The ‘pale side’ is TTC agar, which promotes the growth of the most common bacteria. In addition, many yeasts and moulds may still be able to grow on TTC agar as this medium does not contain any inhibitory substances. Usually, yeasts and moulds need a longer time for growing, whereas bacterial colonies appear earlier.
My test surface turned red or pink almost immediately. Do I have lots of bacteria?
This is most likely a chemical reaction, not bacterial growth. The dye on TTC agar on Easicult TTC and Easicult Combi products (the dye is added to the media in order to colour the colonies red) reacts when the nutrients in the media are broken down. The colour change reaction may be caused by bacteria or even by certain chemicals. If the colour change is due to a chemical reaction, it usually happens within the first 15 - 30 minutes. No colonies can be formed on the growth medium so quickly.
What does 103, 104, 105, etc. mean?
If a sample is interpreted to contain 103 micro-organisms/ml, this means that there are 10 × 10 × 10 or 1000 micro-organisms present. If 104 micro-organisms are present, this equals 10,000 micro-organisms, and so on. The growth on the media is usually presented by colony forming units (CFU) rather than actual micro-organisms. One micro-organism is capable of forming one colony on the growth medium by multiplying.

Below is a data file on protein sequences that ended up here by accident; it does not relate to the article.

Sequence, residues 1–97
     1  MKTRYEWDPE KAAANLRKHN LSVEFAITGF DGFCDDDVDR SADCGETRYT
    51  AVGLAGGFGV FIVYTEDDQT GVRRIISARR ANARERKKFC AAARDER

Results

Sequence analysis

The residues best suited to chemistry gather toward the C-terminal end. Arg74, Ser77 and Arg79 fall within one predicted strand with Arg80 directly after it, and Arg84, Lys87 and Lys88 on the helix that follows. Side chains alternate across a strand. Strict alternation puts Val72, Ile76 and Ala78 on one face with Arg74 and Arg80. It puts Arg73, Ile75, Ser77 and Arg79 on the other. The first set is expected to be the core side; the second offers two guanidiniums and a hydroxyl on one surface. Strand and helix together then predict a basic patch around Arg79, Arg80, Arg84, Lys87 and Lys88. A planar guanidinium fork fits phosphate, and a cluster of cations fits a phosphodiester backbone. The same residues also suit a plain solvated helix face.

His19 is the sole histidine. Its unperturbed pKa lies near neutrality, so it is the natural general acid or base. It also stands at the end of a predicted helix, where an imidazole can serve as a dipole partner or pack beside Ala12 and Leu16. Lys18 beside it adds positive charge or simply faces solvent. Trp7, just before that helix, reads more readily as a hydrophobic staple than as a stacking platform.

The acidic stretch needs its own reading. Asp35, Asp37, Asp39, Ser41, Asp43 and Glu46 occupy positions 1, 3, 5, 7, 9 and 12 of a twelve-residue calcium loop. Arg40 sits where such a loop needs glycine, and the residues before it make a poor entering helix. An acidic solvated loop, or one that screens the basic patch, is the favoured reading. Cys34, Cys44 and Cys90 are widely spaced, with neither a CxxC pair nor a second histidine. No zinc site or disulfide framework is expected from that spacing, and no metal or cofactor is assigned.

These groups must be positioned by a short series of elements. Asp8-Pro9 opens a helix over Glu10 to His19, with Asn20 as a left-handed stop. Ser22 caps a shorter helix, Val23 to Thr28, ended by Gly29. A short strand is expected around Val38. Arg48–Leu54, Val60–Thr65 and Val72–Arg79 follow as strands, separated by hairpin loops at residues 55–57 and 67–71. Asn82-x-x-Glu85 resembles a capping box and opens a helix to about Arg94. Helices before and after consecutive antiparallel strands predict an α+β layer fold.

I have had results back from a laboratory but I am not sure what they mean.
Total Plate Counts, Total Viable Counts (TVCs) and Plate Counts are different terms applied to carrying out ‘Total Bacterial Counts’. A laboratory will normally report the results by colony forming units (CFUs). For example: 2.4 × 103 indicates that 2400 CFUs were identified per millilitre. The result from Easicult carried out on the same sample would have been interpreted as 103 CFU/ml.
I incubated my tests for longer than 48 hours. Is this a problem?
It is acceptable to incubate the tests for 48 hours or more. In many cases this is recommended in order to allow slowly growing organisms to appear.
The kit instructions specify an incubation period of 24 - 36 hours. How long should I incubate the tests?
If you are incubating the tests at room temperature, we recommend an incubation period of 2 - 4 days. If you are incubating the tests at 30 ºC, the tests can be read after 24 hours and then returned to the incubator and checked again after 48 and 96 hours.